By the end of this season we expect to be competing for a place in the Stanley Cup Playoffs and we expect to have taken a significant step toward achieving the goals and objectives we have set for this franchise. ?
That is what our fans want, that is what they deserve, and we will not rest until we deliver on those expectations.
Thank you for your loyalty and passion to the Florida Panthers franchise, and I look forward to seeing you soon. ?
Florida Panthers Owner
Viola, who is a Veteran from New York, made it clear when he was introduced that he would do whatever he could to make the team successful and sustainable. This appears to be the first step in what many fans hope will not be another long process, but unless there are some attitude changes or player changes, the Panthers will look at themselves along with the other Eastern Conference bottom feeders at least for another year.
NOTE: Dineen, Murphy, and Ramsay are said to be leaving Ottawa and were unavailable for comment. Please monitor below should they comment on the situation.
ADDITIONAL COMMENTS (not in order): All quotes attributed to George Richards of the Miami Herald and were heard on the conference call today, unless otherwise noted)
“He was unhappy and I don’t blame him…“He’s a fiery guy and a fiery competitor and an emotional coach and I don’t blame him for being upset. I didn’t expect anything less from him. He’s a class guy, hard working guy.” – Dale Tallon on the conference call, speaking on Dineen’s reaction to the news that he was let go”“Kevin, Gord and Craig worked very hard. But for some reason the message was not getting through,” Tallon said on the conference call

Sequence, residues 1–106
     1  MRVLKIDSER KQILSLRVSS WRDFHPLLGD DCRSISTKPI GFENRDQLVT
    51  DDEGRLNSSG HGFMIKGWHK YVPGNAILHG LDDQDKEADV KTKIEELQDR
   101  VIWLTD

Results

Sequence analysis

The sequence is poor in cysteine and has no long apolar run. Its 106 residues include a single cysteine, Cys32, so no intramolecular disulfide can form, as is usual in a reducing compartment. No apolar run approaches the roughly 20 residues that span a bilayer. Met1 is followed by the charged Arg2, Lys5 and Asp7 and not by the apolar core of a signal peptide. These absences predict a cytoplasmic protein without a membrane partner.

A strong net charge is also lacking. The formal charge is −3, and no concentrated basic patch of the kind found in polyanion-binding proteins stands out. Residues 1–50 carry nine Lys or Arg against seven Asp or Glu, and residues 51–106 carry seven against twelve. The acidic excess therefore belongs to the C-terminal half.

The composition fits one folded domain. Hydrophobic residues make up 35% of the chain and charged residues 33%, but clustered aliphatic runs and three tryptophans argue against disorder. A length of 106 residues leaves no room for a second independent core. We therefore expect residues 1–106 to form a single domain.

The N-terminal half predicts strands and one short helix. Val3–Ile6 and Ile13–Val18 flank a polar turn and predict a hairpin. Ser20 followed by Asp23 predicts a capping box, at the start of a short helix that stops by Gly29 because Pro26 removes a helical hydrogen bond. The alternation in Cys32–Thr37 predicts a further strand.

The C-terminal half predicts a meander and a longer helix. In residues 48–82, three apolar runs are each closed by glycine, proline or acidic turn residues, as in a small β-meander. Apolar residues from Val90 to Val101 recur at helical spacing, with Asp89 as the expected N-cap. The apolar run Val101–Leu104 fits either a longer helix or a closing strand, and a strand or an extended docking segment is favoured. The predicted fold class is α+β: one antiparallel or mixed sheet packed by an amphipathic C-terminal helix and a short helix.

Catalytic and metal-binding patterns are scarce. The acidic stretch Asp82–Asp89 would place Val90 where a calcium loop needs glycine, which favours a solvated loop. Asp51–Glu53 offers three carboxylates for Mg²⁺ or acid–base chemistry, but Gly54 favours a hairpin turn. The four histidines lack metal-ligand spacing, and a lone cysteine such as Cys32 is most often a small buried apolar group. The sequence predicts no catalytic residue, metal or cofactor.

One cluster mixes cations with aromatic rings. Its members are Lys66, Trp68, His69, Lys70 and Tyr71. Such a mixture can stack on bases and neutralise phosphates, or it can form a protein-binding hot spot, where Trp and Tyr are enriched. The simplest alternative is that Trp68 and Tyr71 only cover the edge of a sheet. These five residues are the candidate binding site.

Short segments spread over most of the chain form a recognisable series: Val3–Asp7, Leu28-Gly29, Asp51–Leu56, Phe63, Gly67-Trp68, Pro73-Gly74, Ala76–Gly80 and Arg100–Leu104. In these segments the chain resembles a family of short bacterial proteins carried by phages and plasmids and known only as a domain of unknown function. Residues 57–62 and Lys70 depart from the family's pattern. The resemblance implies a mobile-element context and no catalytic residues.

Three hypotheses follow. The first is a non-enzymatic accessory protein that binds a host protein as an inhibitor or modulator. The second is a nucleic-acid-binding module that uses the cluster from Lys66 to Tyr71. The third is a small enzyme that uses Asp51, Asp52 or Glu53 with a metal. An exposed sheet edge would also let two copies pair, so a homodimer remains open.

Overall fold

“After 16 games it was clear we needed a change in our message and philosophy. This was a joint decision not made easily between ownership and hockey ops. It’s my responsibility to get our team to play to its maximum potential…
“Vinnie Viola demands excellence at every level within the organization. He’s committed to winning and putting a winning product on the ice for our fans.
“Our better players need to start playing better or we’ll get better players…
“This is the first of many changes that we’re making,” Tallon said. “There’s he old saying: It’s easier to fire the coach than 23 players. We’re on the phone constantly and we’ll make changes as we go…
“Right now I’m dissatisfied with the effort from most of the guys. We need to be better.”
“I’ve been stewing on it for a long time. It’s never easy. We don’t make rash decisions; make decisions for the future of our franchise based where we’re at currently. With many discussions with our ownership group and our hockey ops, we came to the decision and decided this was the best course of action.
“[Thursday] was one straw of many. We’re 3-9-4 and that’s unacceptable.
– Have you tried to make trades?
“I’ve tried extremely hard every day. There have been numerous phone calls with numerous teams. Hopefully something will hit in the near future.” (Miami Herald)
– Peter’s term
“He’s an interim coach. Obviously if he does well, he’ll stay. We’ll evaluate after the season. We need to get back into the hunt here. I’m not giving up by any means here. We need to do anything we can to get back in the playoff hunt without jeopardizing our future.”
– Was Kevin’s job in jeopardy all season?
“[Horachek] was brought in to help our young players and bring success to our farm team.”
– No one thinks of you as a playoff team; why you doing this?
“We always go to training camp trying to make the playoffs. People can evaluate your team from afar, but we still have high hopes.”